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142 SCIENTIFIC CRITERIA TO ENSURE SAFE FOOD Contamination with Microorganisms; Process Control Verification Criteria and Testing; Pathogen Reduction Standards for Red Meats (9 Vol 2 C.F.R. §310.25) These criteria are part of the PRIHACCP rule and include both process control criteria for E. cold Biotype I (generic E. coli) and performance standards for a specific pathogen (salmonellae). The process control criteria are based on the quantitative level of generic E. cold on or in fresh meats. The sampling technique includes a swab or excision method for intact carcasses and a destruc- tive analysis for ground products. The sampling frequency varies both by species and by the relative size of the processing establishment (Table 4.1~. The sampling and testing protocol for the process control criteria are based on a three-class sampling program. In a three-class plan, m is the analytical value that differentiates good quality from marginally acceptable quality, M is defined as the analytical value that differentiates marginally acceptable quality from unacceptable quality, n is the number of samples taken, and c is the maximum number of samples out of n that may exceed the value set for m. For a sample set to pass, no sample may exceed the M value and no more than c samples may exceed the m value. The values for the various species are given in Table 4.2. TABLE 4.1 Sampling Frequency for Process Control Indicator (Generic Escherichia coli) for Fresh Meat Species or Size of Establishment Samples per Number of Carcasses Cattle, sheep, or horses Swine Very low-volume establishments 1 per 300 1 per 1,000 At least 1 per week, beginning June 1 of each year, until 13 in-compliance samples are collected in a row SOURCE: 9 C.F.R. §310.25. TABLE 4.2 Values for m, M, n, and c for the Process Control Indicator (Generic Escherichia coli) for Fresh Meata Species m M n c Cattle Negativeb 100 13 3 Swine 10 10,000 13 3 a m = the analytical value that differentiates good quality from marginally acceptable quality, M= the analytical value that differentiates marginally acceptable quality from unacceptable quality, n = the number of samples taken, c = is the maximum number of samples out of n that may exceed the value set for m. b Negative is defined by the sensitivity of the method used in the baseline study, with a limit of sensitivity of at least 5 cfu/cm2 carcass surface area. SOURCE: 9 C.F.R. §310.25.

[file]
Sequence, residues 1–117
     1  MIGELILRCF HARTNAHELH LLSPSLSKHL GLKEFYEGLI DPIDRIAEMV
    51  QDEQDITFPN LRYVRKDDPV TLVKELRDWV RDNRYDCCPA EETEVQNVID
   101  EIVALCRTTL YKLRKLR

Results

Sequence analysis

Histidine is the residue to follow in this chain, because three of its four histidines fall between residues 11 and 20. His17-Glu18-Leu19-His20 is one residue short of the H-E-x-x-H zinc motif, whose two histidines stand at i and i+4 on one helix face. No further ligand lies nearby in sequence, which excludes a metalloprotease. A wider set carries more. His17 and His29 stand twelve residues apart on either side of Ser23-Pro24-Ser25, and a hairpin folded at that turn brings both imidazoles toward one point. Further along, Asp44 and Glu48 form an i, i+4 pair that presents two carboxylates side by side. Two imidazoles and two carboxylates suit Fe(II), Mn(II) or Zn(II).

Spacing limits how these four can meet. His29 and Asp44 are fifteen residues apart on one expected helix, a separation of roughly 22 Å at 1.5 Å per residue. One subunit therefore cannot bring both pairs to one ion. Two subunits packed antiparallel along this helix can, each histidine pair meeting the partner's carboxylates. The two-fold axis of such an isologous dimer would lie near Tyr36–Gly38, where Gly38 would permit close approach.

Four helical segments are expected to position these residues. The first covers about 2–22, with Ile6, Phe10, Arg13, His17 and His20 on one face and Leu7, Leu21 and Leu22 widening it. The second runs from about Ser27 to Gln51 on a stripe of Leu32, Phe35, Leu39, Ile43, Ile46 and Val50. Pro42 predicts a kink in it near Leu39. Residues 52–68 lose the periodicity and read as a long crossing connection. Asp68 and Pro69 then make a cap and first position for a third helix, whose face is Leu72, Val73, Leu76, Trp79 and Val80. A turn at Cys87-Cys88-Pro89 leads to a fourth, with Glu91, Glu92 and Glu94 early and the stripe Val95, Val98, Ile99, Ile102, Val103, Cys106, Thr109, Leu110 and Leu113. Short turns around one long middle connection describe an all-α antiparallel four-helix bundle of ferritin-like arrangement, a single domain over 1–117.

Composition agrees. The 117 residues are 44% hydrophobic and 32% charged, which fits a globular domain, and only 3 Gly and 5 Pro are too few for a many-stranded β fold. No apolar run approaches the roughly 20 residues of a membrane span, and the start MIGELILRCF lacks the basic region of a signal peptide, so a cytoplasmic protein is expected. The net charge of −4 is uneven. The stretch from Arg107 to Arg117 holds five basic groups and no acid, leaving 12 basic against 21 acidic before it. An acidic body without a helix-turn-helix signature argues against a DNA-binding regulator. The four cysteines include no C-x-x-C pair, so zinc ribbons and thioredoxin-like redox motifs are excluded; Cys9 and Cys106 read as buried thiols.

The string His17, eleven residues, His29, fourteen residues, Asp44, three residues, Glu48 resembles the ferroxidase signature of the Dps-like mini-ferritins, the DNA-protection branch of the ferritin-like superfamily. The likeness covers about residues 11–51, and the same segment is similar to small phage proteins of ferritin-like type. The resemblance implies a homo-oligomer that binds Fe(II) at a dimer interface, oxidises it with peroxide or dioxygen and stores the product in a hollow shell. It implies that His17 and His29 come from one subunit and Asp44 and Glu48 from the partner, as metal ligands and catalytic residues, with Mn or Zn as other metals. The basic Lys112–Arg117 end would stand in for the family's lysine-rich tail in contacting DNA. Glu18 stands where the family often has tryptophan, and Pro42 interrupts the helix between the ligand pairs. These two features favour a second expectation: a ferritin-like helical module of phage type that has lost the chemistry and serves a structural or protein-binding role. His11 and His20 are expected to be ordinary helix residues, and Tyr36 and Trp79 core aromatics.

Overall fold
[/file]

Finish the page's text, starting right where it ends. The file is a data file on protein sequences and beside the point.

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CONTROLS FOR HAZARDS IN MEAT AND POULTRY PRODUCTS TABLE 4.3 Values for n and c for the Pathogen Reduction Standard (Salmonella Performance Standard) for Fresh Meat 143 Performance Standard Product (% positive for salmonellae) Maximum Number of Number of Positives to Achieve Samples Tested (n) Standard (c) Steers/heifers 1.0 82 1 Cows/bulls 2.7 58 2 Ground beef 7.5 53 5 Hogs 8.7 55 6 Fresh pork sausage NAa NA NA a NA = not applicable. SOURCE: 9 C.F.R. §310.25. The sampling frequency for the pathogen reduction standard for Salmonella is identical to that for the process control indicator (Table 4.1~. The sampling technique includes a swab or excision method for intact carcasses and a destruc- tive analysis for ground products. In practice, FSIS will take an initial sample set (the A set). If an establishment fails the A set, FSIS will take up to two more sample sets (the B and C sets). Failure of all three sample sets would be grounds for USDA to withdraw inspection from an establishment. The pathogen reduction standard is based on a two-class sampling plan, in which n is the number of samples taken and c is the number of samples allowed to fail the specification. The standard is based on a qualitative assay for the presence or absence of Salmonella. The values for the various species and prod- ucts are given in Table 4.3. Contamination with Microorganisms; Process Control Verification Criteria and Testing; Pathogen Reduction Standards in Raw Poultry (9 Vol 2 C.F.R. §381.94) The process control criteria and the pathogen reduction standard for raw poultry are structured in an identical manner to those for red meats. The process control criteria are based on the numerical populations of E. cold Biotype I (generic E. coli) on or in fresh poultry meats. The sampling technique includes a whole- bird rinse for intact carcasses and a destructive analysis for ground product. The sampling frequency varies both by species and by the relative size of the process- ing establishment (Table 4.4~. The sampling and testing protocols are based on a three-class sampling program, as previously described. The values for the various species are given in Table 4.5. For the pathogen reduction standard for Salmonella, the sampling frequency is identical to that for the process control indicator (Table 4.4~. The sampling